January 03, 2006
Texas Fires, Human Error, and Media Coverage
Posted by Christine Hurt

Being from Texas and having drivenTexasbrush  around Texas last week, I am slightly more interested in the Texas (and Oklahoma and now New Mexico) fires than some people.  The loss is enormous:  hundreds of thousands of acres of land, over 250 homes burned, and four deaths.  Because I have been reading various accounts of these fires, I have been struck with the almost universal silence on the "human error" element of this story.  Fires are generally not confined to "acts of God" in the sense that they only strike out of the blue, like a hurricane or a tsunami.  Some fires may be caused by a chance event, such as a power line spark, but these fires that are happening were for the most part the result of some original act by a human.  Texas State Fire Marshal Paul Maldonado has said that he "believes most of these fires were the result of some human action."  However, in the news accounts, you have to dig fairly deep before any reporter is asking about or reporting information about human error.

For example, here are the NYT, Houston Chronicle, CNN, and ABC News accounts, none of which mention human error (as they did not yesterday).  The only references I could find to the human error in print were from the Guardian and the Austin-American Statesman.  I did hear on a local radio news program in Texas on December 27th that a fire that was being discussed was started by a child setting off a firecracker (the speaker was Traci Weaver of the Texas Forest Service) and I heard on NPR yesterday a local mayor (and volunteer firefighter) in Eastland County being pressed into saying that it looked like from the start point of the fire there that it was caused by someone throwing a cigarette out of a car along the highway.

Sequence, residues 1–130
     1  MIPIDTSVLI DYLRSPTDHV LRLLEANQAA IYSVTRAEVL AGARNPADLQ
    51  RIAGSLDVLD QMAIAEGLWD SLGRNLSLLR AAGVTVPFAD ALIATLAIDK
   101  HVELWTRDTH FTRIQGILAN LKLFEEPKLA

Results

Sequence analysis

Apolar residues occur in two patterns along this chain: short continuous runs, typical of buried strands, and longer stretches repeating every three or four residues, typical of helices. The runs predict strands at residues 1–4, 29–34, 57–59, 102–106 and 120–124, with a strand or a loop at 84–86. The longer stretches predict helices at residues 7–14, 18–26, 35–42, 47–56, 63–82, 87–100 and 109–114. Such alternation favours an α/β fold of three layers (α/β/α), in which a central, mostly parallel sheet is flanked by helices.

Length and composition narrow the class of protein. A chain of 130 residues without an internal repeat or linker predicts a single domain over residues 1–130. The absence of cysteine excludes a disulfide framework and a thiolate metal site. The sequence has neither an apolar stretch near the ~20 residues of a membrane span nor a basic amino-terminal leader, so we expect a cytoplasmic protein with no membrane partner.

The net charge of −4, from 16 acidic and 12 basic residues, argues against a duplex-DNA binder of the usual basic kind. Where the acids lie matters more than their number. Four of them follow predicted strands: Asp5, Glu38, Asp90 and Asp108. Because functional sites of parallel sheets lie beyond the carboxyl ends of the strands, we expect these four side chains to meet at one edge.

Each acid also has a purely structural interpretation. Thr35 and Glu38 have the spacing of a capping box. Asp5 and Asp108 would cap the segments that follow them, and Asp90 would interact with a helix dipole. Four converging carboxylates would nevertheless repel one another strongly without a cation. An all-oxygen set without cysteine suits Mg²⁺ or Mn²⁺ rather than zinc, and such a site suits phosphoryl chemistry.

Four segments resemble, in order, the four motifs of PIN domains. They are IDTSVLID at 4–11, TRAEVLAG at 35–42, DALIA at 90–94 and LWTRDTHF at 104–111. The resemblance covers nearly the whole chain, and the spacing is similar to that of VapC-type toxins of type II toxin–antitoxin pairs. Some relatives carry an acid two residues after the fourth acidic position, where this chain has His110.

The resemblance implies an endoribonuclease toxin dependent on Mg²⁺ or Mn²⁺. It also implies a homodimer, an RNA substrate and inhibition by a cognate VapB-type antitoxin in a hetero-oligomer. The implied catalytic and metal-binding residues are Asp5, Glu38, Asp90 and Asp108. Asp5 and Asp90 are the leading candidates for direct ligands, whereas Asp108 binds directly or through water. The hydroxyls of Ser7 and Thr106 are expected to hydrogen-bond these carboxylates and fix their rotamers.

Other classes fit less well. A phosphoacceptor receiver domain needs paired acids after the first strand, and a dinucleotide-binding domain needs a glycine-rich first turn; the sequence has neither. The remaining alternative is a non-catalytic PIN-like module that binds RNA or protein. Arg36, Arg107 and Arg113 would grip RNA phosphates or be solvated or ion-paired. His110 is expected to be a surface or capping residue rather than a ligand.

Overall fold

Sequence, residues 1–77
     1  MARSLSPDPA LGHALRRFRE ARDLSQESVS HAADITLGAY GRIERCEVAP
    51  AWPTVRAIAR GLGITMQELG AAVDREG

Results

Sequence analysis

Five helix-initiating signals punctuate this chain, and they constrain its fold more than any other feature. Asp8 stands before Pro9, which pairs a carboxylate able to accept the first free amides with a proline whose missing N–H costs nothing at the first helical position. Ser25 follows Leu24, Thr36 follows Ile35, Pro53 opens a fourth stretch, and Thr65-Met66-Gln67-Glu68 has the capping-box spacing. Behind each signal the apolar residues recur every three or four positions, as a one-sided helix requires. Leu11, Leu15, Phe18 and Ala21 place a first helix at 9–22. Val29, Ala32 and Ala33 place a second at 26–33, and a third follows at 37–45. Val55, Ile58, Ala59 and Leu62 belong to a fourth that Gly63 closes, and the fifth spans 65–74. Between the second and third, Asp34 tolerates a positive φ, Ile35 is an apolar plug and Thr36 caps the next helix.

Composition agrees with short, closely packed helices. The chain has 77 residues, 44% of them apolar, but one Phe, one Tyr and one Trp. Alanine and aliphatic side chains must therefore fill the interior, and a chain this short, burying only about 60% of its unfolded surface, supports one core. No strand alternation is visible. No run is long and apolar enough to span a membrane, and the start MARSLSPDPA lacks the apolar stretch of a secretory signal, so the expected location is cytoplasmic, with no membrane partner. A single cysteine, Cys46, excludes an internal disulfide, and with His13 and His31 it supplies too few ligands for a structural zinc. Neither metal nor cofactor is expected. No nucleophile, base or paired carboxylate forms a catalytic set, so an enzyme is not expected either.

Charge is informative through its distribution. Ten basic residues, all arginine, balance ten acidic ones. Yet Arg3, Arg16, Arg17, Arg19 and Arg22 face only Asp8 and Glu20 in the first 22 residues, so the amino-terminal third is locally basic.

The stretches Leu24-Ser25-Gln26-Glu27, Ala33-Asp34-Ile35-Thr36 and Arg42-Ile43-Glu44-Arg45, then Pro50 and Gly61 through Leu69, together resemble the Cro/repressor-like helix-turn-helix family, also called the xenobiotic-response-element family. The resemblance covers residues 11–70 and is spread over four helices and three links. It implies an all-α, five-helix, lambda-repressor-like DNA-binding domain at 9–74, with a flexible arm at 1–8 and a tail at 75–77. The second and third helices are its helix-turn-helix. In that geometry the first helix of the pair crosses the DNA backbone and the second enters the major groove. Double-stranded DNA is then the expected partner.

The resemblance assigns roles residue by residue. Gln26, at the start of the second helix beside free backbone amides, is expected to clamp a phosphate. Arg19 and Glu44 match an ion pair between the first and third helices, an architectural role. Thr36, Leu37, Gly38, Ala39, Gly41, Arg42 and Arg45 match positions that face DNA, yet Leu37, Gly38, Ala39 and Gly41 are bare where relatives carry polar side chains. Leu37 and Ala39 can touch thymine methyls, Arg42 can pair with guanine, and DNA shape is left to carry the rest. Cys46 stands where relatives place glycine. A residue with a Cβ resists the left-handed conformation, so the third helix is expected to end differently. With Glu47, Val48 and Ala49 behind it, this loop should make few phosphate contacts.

I find it interesting that the media seems so uninterested in the cause of the fires.  The media focuses on the high winds, low humidity, drought conditions, and high temperatures, but these are factors that lead to the rapid spread of the fire and the difficulty of containing the fire, not the factors that caused these fires.  During Hurricane Katrina, questions were swirling in the media -- Why didn't people evacuate?  Why weren't they forced to evacuate?  Who decided to have inferior levees?  Who could have prevented this?  Why isn't anyone asking these questions about the Texas fires?

I heard Forestry spokesperson Weaver say (on Dec. 27th) that only half of the counties in Texas had imposed burn bans at that time.  Why isn't anyone asking whether these counties affected were under a burn ban?  And, if so, then who violated the burn ban?  What is the penalty for violating the burn ban?  Can one child (or the child's parents) be liable for 120 houses for setting off a firecracker during a burn ban?  If the affected counties weren't under a burn an, then why not?  Why isn't anyone asking these questions?

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Comments (14)